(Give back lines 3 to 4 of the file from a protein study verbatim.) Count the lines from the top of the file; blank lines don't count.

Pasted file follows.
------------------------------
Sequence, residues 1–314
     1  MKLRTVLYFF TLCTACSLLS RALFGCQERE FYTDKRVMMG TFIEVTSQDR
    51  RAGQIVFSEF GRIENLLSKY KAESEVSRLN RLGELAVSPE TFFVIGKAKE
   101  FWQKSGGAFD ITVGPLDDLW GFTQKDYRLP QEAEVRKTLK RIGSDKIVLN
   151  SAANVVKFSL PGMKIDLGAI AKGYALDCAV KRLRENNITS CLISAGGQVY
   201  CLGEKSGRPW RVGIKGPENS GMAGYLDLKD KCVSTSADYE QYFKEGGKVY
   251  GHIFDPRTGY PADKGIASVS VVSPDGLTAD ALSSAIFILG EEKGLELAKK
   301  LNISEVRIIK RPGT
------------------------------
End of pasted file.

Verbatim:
    51  RAGQIVFSEF GRIENLLSKY KAESEVSRLN RLGELAVSPE TFFVIGKAKE
   101  FWQKSGGAFD ITVGPLDDLW GFTQKDYRLP QEAEVRKTLK RIGSDKIVLN